Promeio Reserva, 2003 100% Cabernet Sauvignon $29: Showing some brown on the edges. A cedary earthy aroma dominates and also blends in some sweetness. Behind that is a more classically structured wine with berry and caramel flavors. The wine appears to be advancing quickly. This was our second favorite wine with a fair share of the credit going to its ready to drink mode.
Nomade Reserva, 2003 100% Syrah $39: This wine transported me to Australia. If it was not served in this tasting, I would have guessed it to be a rich, unctuous, extracted wine of muddied black purple color with jammy cherry flavors from Down Under. A gamey, meaty, blood like taste component was in evidence, and the wine had seriously soft edges around its large dollops of fruit to make for a very pleasing mouthfeel. It was a load of fun to drink, and probably smart to drink it soon,
Gran Lorca Poetico, 2007 100% Petit Verdot $42: Two reasons I was not surprised when the bag was removed after tasting. It was one of our youngest wine of the night and made from all Petit Verdot, so naturally it showed as the most intense and tannic wine of the group. Yet, this wine that represents one of the classic Bordeaux blending varietals that integrates structure, flavor, and color behind Cab and Merlot, showed its tell-tale black purple color and then jammed home a sweet perfume reminiscent of Cherry Charms (remember that candy?) on top of deep black cherry aromas. The flavor of minerals, graphite, and flint were clear to all of us and there was a finish of licorice. So all this wine needed was a little more middle from some blended cab or Merlot and what a winner it would be. It is a great wine that is fun to explore, but a bit too hard-edged and missing some middle richness.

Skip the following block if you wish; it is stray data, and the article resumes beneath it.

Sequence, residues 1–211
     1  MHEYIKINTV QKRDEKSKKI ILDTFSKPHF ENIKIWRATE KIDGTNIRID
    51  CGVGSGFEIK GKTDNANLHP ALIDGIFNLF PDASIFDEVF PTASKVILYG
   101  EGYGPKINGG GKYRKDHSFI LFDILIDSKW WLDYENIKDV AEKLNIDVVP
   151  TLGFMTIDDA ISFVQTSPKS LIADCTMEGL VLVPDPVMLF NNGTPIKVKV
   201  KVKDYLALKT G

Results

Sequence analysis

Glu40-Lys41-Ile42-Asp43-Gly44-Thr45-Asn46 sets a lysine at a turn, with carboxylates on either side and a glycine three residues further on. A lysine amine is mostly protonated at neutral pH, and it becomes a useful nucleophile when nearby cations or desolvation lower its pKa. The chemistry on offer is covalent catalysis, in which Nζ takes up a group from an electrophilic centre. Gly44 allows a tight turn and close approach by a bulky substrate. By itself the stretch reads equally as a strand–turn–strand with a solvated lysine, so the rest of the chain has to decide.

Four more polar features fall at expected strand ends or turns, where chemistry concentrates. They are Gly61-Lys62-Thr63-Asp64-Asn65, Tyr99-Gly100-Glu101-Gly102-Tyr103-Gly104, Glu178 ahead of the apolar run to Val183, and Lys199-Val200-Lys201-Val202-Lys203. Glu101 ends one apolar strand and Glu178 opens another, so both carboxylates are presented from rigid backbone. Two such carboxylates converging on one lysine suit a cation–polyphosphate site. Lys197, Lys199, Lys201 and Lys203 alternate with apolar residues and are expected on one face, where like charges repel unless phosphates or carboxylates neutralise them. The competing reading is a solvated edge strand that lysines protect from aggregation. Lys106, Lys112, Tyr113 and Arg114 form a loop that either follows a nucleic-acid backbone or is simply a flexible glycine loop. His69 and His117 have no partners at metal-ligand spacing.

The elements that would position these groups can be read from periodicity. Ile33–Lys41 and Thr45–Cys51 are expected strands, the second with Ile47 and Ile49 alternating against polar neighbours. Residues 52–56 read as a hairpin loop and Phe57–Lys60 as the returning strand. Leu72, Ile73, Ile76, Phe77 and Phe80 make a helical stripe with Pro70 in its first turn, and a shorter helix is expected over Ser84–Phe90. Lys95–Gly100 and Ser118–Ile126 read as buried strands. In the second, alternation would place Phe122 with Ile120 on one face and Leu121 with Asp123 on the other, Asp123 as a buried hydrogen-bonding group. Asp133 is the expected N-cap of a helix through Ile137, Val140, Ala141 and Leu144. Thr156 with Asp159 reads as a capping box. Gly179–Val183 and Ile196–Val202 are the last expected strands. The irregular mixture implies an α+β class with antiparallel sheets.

Ala Negra Reserva, 2006 100% Malbec $25: Comes from Lunlunta, Maipu and I am not sure how that relates to Uco, but it managed to get into the tasting. The wine was disappointing in this group of company. It was purple middle to edge, the nose was hard to coax up and it had soft and loose edges with dark fruit flavor that disappeared quickly. The wine might not be bad with food, and food that requires low tannin accompaniments. Thinking this wine might work for large Thanksgiving dinners seemed to be its savior.
Familia Mayol Cuatro Primos, 2007 55% Malbec, 35% Syrah, 5% Cabernet Sauvignon, 5% Bonarda $22: This wine stunk…horrible, a clunker. It was not acquired through Vines of Mendoza but picked up at a local wine shop. It had a vegetally tinged mushroom nose and was hollow and alcoholic. Not recommended.
The wines of Uco Valley are not shy in a good way. They flash their new world interpretations of classic varietals and are finding their way to a style that is wholly representative of their unique terroir. Of the wines I liked in this group, all seemed to have something going on that connected me to the context of their origin. It was a wonderful evening….topped off with the pefectly yummy freshly herbed grilled lamb chops that I imagine is only a weak sister to the asado enjoyed in the local parillas of Mendoza.